'Matter of Laugh or Death,' the award-winning humor column
By Bill Dunn
Interesting observations on this thing we call life
(appearing each week in the Republican-American newspaper, Waterbury, CT)
UNHEALTHY CONSUMER PRODUCTS
In recent months an attorney filed a lawsuit to ban the sale of Oreo cookies. He claims the product is unhealthy. As we speak, McDonald’s and Burger King are slowly but surely being pushed into extinction, again via lawsuits which claim that fast food is unhealthy. It seems that every day a new attack is launched against a well-known consumer product—and the claim is always that the product harms peoples’ health.
Well, let me ask you a question. Suppose there were a product which regularly produced the following symptoms in the people who use it: elevated blood pressure, hyperventilation, and fits of rage. Don’t you think this product ought to be outlawed long before something as benign as Oreos or McNuggets? Good, I’m glad you agree. So why is it that no attorneys or consumer protection groups have yet filed a lawsuit to ban Tupperware?
Yes, Tupperware. It’s evil, I tell ya. Oh sure, it seems innocent enough…at first. It’s cute and colorful, and it does a good job keeping food fresh. You bring a few Tupperware items into the house and you think it will improve your life. Ha! That’s the fatal mistake.
This is how the sinister plan unfolds: your wife comes home from a Tupperware party with three items. The items are very nice, each with a specific function. Everything seems fine. But then the items are put into a kitchen cupboard, and during the night while the family is peacefully sleeping, the Tupperware items begin to multiply like cockroaches.
The next morning, when someone in the family is, say, running late for work and hurries to make a peanut butter and jelly sandwich for lunch, he decides to use the special sandwich-sized Tupperware container because he remembers his wife said it will keep the sandwich fresh until lunchtime, and it won’t get squashed like what usually happens when he uses Baggies.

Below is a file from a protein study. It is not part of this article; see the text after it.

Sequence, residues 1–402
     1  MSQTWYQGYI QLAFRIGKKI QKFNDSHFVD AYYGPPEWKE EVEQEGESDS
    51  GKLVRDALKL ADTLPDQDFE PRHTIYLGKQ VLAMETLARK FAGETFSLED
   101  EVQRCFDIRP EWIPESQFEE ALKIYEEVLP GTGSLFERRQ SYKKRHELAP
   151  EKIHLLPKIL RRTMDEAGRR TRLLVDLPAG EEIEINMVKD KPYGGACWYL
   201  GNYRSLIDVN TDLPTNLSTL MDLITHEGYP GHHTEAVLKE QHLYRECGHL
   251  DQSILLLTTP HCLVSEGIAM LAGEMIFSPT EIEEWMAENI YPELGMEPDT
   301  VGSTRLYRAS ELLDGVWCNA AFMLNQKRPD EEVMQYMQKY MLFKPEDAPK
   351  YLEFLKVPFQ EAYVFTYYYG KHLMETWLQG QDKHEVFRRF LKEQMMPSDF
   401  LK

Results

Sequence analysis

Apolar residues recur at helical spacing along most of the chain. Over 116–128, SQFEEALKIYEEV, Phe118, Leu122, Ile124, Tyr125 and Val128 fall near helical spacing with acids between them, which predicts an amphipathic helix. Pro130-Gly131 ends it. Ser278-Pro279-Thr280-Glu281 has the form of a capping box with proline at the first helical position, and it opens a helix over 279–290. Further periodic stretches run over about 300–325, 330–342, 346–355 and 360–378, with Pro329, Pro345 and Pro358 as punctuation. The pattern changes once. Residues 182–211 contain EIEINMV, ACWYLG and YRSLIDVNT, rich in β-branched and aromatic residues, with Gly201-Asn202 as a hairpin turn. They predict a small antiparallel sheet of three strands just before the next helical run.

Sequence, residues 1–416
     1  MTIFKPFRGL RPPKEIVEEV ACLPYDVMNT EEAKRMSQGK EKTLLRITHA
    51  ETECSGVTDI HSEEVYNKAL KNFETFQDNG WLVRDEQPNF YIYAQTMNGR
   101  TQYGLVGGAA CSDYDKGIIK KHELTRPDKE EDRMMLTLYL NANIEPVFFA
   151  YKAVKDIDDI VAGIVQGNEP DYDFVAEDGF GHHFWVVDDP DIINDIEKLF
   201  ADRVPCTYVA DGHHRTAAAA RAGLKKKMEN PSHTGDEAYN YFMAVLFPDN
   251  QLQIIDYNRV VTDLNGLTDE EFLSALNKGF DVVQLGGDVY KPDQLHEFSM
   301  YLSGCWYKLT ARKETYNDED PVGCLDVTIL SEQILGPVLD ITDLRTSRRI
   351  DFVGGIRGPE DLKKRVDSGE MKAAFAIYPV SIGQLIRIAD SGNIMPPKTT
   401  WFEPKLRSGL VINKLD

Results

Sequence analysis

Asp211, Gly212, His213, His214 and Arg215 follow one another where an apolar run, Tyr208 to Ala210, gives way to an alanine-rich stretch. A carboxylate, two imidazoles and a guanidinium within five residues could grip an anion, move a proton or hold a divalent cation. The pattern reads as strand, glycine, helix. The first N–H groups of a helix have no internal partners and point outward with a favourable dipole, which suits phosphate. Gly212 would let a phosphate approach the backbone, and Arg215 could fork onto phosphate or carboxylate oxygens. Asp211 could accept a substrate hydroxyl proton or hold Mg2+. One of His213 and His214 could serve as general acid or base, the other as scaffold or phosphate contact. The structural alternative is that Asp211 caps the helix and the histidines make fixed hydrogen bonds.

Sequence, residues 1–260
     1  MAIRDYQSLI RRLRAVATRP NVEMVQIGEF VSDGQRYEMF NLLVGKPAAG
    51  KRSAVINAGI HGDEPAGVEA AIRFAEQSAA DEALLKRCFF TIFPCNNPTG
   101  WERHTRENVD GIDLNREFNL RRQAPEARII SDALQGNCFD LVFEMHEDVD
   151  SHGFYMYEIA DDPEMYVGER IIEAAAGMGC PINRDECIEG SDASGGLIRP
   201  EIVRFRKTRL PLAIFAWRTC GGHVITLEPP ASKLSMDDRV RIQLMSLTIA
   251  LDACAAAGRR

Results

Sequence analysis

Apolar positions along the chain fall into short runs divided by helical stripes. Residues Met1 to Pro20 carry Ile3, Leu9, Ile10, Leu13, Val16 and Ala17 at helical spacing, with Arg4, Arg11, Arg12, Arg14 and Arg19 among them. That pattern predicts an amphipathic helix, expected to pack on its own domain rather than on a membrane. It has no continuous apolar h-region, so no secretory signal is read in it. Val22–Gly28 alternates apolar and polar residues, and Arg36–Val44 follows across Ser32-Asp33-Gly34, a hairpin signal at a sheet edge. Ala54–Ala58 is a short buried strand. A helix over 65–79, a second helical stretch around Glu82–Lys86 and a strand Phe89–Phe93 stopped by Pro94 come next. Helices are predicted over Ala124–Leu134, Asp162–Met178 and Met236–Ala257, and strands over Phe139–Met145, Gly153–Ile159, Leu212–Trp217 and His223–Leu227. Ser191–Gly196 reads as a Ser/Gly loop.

So he reaches for the cupboard door, remembering distinctly that only three items were placed in there less than 12 hours earlier. As he opens the door, an avalanche of injection-molded plastic crashes onto the floor. Dozens and dozens of containers—each a different size—and dozens and dozens of lids—each and everyone of them also a different size. His blood pressure begins to rise.
He reaches down to gather up the scattered items, and notices that they’ve been carefully designed so they don’t quite fit inside each other. He tries to put them all back into the cupboard by forming a few teetering towers, which wobble a bit before tumbling back onto the floor. He begins to hyperventilate.
He gathers up the items again, and angrily piles them on the kitchen counter. As he is about to look for a Baggie, he spies the square flat container and places his peanut butter and jelly sandwich inside. It’s a perfect fit. He has unwittingly taken the bait and is now stuck in the dreaded Tupperware trap: finding the proper lid.
He starts grabbing lids which seem like they should fit. But one is an eighth of an inch too small. Another is three thirty-seconds of an inch too large. Yet another lid is the exact right size, but the groove around the edge simply will not fit into the container. (Hey, how did a piece of Rubbermaid get in here?!) In desperation, he pounds his fist onto the lid, shouting, “I’m gonna make you fit, you #&*@$#!!” In the process he not only squashes his sandwich far worse than if he had used a Baggie, he scrapes his knuckle on the edge of the lid, and at the sight of his own blood, flies into an uncontrollable rage.
If there are any trial lawyers out there looking for the victim of a genuinely unsafe consumer product, give me a call. I’d say about $10 million will ease my pain and suffering very nicely. Also, that kind of money will buy a lot of Big Macs and Oreos.
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